Talcum Powder Cancer Lawsuit

Johnson & Johnson May Have To Increase The 9 Billion Dollar Talc Cancer Settlement Offer If Bankruptcy Is To Be Taken Seriously

Bankruptcy is argued to be a way to expedite a settlement while also allowing corporations to avoid large punitive damage awards

Monday, March 18, 2024 - Johnson & Johnson's third attempt at talcum powder cancer bankruptcy is sure to fail according to legal experts at the Insurance Journal. The publication recently put out a report outlining the apparent intention of the talcum powder company to file for bankruptcy in the state of Texas, home to the controversial Texas Two-Step bankruptcy scheme, and a state that is notoriously lenient in protecting corporate interests over the best interests of consumers. Many argue that should Johnson & Johnson, a company that is in no way in financial distress, be allowed to file bankruptcy, it would encourage other companies that find themselves the defendant in mass-tort personal injury or wrongful death lawsuits to do the same. Doing so would effectively eliminate corporate responsibility for consumer health and safety and transfer responsibility to the consumer.

Bankruptcy may offer a faster vehicle for settling mass torts but also gives corporations a way to avoid lottery-like punitive damage awards like the one in 2018 where 22 Missouri women with ovarian cancer were awarded $4.89 billion in compensatory and punitive damages. Critics argue that Johnson & Johnson's repeated attempts to file for bankruptcy via the subsidiary LTL Management, particularly utilizing the Texas Two-Step strategy, exploit legal loopholes to the detriment of claimants. This strategy allows a company to segregate its liabilities from its assets by transferring the former to a newly created subsidiary, which then files for bankruptcy, potentially limiting claimants' compensation. Melissa Jacoby, a University of North Carolina law professor, expressed skepticism about the success of a third bankruptcy attempt, asserting that the chances "should be zero." She pointed out the ethical implications, stating, "Pursuit of accountability outside of bankruptcy will be halted," emphasizing the potential delay in justice for the claimants​​, according to The Insurance Journal. An attempt at bankruptcy once again, could put more than 50,000 talcum powder cancer lawsuits on hold for yet another year.

The legal actions taken by Johnson & Johnson have not been without criticism. The pharmaceutical company has filed for bankruptcy three times now, but its first two bids were dismissed by New Jersey courts because LTL Management was not in financial difficulty and so did not qualify for bankruptcy protection. This has sparked a wider debate over the use of bankruptcy filings in large tort cases, casting doubt on how to strike a compromise between a business's right to pursue legal action and the claimants' right to just recompense. Despite the controversy surrounding its legal strategies, Johnson & Johnson maintains that its talc-based products are safe. The company has defended its products vigorously in court and points to its decision to replace talc-based products with cornstarch-based versions in the US and Canada as evidence of its commitment to consumer safety, not an admission of guilt. Johnson & Johnson has stated, "We are working hard toward a resolution of our current and future talc cases," emphasizing its ongoing efforts to settle the litigation comprehensively​​, wrote The Insurance Journal.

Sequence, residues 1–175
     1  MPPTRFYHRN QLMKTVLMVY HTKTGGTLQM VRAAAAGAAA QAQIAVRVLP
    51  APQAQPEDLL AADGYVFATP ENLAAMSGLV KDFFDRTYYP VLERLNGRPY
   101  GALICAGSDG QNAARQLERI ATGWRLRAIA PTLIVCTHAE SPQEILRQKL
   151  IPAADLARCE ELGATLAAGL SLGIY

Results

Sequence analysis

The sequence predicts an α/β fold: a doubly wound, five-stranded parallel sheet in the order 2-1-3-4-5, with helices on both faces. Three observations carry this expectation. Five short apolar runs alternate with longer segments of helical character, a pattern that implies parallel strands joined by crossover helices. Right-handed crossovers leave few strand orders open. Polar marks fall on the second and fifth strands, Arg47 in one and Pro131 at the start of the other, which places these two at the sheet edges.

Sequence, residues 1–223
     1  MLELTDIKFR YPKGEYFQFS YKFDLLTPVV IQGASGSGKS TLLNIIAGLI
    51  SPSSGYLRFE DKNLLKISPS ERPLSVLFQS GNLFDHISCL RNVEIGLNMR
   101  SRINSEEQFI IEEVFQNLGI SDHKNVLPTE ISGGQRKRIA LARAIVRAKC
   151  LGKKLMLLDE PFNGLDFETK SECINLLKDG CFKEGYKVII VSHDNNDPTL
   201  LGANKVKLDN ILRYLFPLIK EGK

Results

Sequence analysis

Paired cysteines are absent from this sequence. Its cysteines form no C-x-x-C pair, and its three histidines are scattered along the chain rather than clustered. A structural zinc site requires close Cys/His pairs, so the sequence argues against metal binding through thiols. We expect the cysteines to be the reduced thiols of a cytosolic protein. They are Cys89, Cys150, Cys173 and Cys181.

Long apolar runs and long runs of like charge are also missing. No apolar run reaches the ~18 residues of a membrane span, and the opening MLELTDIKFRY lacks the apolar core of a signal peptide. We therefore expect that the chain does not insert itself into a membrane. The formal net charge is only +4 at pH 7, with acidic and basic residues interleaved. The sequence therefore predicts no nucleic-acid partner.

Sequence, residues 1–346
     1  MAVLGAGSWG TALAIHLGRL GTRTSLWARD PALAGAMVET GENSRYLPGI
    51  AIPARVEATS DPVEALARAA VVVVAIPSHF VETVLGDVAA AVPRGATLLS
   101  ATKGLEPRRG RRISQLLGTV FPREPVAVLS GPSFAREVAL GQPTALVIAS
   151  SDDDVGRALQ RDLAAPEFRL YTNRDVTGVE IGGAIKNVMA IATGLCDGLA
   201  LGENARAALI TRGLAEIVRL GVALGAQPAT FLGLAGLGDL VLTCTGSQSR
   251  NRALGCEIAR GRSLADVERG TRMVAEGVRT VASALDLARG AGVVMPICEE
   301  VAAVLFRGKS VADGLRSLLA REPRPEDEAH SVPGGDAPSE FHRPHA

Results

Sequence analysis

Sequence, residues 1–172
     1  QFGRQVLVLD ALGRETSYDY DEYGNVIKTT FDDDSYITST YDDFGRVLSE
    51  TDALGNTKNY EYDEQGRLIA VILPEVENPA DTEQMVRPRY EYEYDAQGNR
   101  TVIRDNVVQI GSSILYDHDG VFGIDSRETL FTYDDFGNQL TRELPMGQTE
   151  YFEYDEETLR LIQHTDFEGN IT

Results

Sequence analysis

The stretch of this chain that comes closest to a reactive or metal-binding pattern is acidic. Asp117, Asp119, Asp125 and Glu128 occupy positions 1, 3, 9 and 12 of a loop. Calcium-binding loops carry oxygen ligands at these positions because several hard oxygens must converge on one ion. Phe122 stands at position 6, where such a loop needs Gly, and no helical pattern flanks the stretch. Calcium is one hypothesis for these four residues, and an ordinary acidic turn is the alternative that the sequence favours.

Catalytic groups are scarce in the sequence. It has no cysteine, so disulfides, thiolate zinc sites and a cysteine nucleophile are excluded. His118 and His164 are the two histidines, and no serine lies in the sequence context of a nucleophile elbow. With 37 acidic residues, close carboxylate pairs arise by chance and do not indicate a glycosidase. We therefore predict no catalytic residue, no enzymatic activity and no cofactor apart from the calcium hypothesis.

Information provided by TalcumPowderCancerLawsuit.com, a website devoted to providing news about talcum powder ovarian cancer lawsuits, as well as medical research and findings.

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No-Cost, No-Obligation Baby Powder Lawsuit Case Review for Persons or Families of Persons Who Developed Ovarian Cancer After a History of Perineal Baby Powder Use

OnderLaw, LLC is a St. Louis personal injury law firm handling serious injury and death claims across the country. Its mission is the pursuit of justice, no matter how complex the case or strenuous the effort. The Onder Law Firm has represented clients throughout the United States in pharmaceutical and medical device litigation such as Pradaxa, Lexapro and Yasmin/Yaz, where the firm's attorneys held significant leadership roles in the litigation, as well as Actos, DePuy, Risperdal and others. The firm has represented thousands of persons in these and other products liability litigation, including DePuy hip replacement systems, which settled for $2.5 billion and Pradaxa internal bleeding, which settled for $650 million. The Onder Law Firm won over $300 million in four talcum powder ovarian cancer lawsuits in St. Louis to date and other law firms throughout the nation often seek its experience and expertise on complex litigation.

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